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Special Elliptical Machine Helps People with Physical Disabilities Regain Movement

WEST DES MOINES, Iowa -- A piece of equipment that looks and sounds like a typical elliptical machine at the gym is helping people recover from a stroke.

"I enjoy it. It's a good work out," said Jon, a 42-year-old bookkeeper who didn’t want to provide his last name.

He had a stroke in May of 2018. "I was at the office. I was working on my computer. And, I felt like I really just needed to lay down and go to sleep."

He said he felt like the left side of his body was going out on him. Since then, he’s had to relearn how to use his left arm and left hand.

He's been coming to UnityPoint Health's West Outpatient Therapy since June and started using the ICARE, which stands for Intelligent Controlled Assistive Rehabilitation Elliptical, a few months ago.

"For Jon, it's working his whole body and endurance with his upper body and lower body all put together, especially with the tone that he has in his hand," said Occupational Therapist Esada Mujcic.

The ICARE, which was developed at the Madonna Rehabilitation Hospital and Research Institute in Lincoln, Nebraska, has a harness and fully integrated system to assist patients with neuromuscular disorders. “It provides more or less assistance as the patient needs it. If the patient needs more, the harness is able to adjust for that," said Mujcic.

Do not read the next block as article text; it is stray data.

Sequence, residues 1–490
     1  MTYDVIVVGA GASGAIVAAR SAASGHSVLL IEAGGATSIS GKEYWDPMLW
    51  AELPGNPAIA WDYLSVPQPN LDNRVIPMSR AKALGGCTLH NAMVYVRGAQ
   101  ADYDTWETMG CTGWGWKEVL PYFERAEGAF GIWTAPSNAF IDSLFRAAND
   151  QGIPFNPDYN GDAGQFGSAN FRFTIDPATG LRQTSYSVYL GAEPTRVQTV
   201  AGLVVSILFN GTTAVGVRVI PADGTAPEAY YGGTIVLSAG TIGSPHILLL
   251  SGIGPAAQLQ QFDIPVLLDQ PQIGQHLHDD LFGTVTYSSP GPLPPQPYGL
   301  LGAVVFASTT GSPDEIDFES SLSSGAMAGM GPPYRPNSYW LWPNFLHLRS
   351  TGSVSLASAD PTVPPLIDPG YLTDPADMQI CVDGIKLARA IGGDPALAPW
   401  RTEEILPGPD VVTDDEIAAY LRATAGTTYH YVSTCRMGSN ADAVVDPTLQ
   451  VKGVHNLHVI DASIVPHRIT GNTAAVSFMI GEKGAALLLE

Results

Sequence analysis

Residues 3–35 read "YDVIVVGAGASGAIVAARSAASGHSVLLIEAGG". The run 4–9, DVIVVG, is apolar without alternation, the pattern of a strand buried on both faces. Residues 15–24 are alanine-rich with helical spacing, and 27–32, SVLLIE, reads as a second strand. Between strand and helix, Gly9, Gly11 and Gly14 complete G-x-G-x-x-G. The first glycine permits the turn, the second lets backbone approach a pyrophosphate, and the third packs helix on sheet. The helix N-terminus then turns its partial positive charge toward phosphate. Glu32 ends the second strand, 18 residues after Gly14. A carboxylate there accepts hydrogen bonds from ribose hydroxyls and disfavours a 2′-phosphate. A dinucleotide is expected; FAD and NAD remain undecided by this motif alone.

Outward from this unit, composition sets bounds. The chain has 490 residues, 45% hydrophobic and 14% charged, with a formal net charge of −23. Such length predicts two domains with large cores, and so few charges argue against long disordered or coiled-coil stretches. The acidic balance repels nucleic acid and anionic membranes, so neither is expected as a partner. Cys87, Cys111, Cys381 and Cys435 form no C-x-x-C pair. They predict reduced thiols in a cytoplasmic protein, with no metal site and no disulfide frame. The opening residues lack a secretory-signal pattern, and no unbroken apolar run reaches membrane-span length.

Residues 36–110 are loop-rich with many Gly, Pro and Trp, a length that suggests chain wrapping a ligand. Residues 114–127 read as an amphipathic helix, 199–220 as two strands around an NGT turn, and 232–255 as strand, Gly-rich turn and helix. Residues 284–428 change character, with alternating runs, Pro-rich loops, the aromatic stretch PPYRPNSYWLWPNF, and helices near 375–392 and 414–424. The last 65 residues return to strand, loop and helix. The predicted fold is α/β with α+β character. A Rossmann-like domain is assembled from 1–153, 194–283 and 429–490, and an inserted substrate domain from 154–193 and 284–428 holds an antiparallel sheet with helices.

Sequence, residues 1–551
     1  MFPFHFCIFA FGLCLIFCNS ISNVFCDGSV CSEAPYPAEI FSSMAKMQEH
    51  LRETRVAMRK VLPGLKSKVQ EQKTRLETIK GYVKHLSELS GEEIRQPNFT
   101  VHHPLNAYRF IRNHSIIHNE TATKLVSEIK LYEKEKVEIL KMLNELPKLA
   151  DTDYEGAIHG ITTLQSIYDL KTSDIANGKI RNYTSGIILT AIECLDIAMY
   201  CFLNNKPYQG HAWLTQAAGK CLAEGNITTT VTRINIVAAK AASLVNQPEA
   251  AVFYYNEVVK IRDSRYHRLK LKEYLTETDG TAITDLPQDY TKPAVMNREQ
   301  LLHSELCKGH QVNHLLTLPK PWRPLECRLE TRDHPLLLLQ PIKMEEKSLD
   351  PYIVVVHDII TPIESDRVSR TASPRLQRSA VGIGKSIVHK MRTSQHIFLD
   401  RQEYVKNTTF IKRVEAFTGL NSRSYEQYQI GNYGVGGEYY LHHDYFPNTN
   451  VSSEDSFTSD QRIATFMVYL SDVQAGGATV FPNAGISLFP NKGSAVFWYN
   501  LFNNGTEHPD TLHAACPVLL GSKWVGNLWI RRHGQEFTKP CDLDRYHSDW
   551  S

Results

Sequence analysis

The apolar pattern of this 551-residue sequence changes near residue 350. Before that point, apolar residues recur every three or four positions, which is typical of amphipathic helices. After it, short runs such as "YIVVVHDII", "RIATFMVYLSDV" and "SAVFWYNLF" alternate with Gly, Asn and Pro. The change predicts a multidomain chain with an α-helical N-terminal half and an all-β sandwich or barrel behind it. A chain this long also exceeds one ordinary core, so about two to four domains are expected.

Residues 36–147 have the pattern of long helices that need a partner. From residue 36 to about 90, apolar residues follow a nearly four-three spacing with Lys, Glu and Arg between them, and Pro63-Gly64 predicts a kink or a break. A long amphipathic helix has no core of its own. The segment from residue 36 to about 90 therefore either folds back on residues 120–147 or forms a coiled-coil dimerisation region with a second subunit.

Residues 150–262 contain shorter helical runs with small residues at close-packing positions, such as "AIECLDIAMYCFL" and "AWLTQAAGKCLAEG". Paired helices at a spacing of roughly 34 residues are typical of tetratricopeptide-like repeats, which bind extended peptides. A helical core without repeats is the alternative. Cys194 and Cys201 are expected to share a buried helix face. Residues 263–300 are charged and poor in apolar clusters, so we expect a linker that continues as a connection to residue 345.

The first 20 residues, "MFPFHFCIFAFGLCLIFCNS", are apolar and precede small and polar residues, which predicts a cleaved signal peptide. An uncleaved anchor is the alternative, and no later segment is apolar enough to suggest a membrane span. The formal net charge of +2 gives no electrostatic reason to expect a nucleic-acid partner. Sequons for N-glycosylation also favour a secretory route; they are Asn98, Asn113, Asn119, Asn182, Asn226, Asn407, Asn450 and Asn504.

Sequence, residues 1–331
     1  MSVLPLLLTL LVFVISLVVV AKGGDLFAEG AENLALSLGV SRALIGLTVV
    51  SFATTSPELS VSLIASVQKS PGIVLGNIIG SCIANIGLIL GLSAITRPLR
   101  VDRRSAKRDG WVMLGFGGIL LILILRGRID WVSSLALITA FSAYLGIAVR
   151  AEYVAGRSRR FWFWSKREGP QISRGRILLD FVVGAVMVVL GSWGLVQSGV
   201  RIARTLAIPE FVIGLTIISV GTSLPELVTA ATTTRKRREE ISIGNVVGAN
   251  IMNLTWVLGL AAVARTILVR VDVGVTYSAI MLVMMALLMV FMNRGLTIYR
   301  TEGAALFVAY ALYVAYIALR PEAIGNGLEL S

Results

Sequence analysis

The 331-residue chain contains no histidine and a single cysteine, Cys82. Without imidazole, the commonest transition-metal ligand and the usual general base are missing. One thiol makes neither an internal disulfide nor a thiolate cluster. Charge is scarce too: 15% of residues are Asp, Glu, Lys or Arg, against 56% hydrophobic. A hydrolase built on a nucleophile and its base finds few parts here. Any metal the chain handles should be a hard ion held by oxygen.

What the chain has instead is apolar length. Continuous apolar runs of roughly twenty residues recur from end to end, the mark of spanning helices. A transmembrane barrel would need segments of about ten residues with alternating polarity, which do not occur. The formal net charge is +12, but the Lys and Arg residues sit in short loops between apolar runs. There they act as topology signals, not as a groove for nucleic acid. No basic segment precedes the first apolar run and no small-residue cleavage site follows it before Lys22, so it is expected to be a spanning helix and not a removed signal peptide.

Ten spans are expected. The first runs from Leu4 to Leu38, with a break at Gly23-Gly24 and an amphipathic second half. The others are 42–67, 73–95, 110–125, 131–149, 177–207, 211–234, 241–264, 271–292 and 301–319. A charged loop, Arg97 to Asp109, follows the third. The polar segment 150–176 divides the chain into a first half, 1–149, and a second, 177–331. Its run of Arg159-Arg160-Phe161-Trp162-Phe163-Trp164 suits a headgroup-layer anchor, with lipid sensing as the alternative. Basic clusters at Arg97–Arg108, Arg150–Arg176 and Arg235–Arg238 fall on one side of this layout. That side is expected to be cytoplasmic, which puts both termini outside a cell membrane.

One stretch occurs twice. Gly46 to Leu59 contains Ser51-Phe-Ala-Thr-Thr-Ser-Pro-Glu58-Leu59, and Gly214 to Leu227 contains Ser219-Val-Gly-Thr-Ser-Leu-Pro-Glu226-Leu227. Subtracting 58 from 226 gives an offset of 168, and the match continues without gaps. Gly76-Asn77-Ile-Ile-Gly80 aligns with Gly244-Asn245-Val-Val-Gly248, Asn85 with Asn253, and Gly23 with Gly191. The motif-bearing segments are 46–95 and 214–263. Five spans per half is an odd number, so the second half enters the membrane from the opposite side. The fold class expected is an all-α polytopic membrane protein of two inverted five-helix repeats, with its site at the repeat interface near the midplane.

Mujcic said they use it to help patients with physical disabilities work on normal movement and gait patterns. "There is evidence-based research on it."

She added, “This is a warm up, and then we do more functional and meaningful things that he is able to replicate at home."

It's helping Jon as he continues his therapy twice a week and looks forward to going back to work full-time. "For me, I'm going to go back to bookkeeping. And, I play the piano. That's my goal. To get back to playing.”

Jon stressed the importance of getting help right away if you think you're having a stroke, which happens when something blocks off blood flow to the brain.

Use the FAST test to spot symptoms of stroke.

FACE: ask the person to smile and see if one side of the face droops.

ARM: ask the person to raise both arms to see if one drops down.

SPEECH: have the person say a short phrase to check for slurred or strange speech.

TIME: call 9-1-1 right away if any of these occur. You need treatment right away to lower your risk of brain damage, disability or even death.

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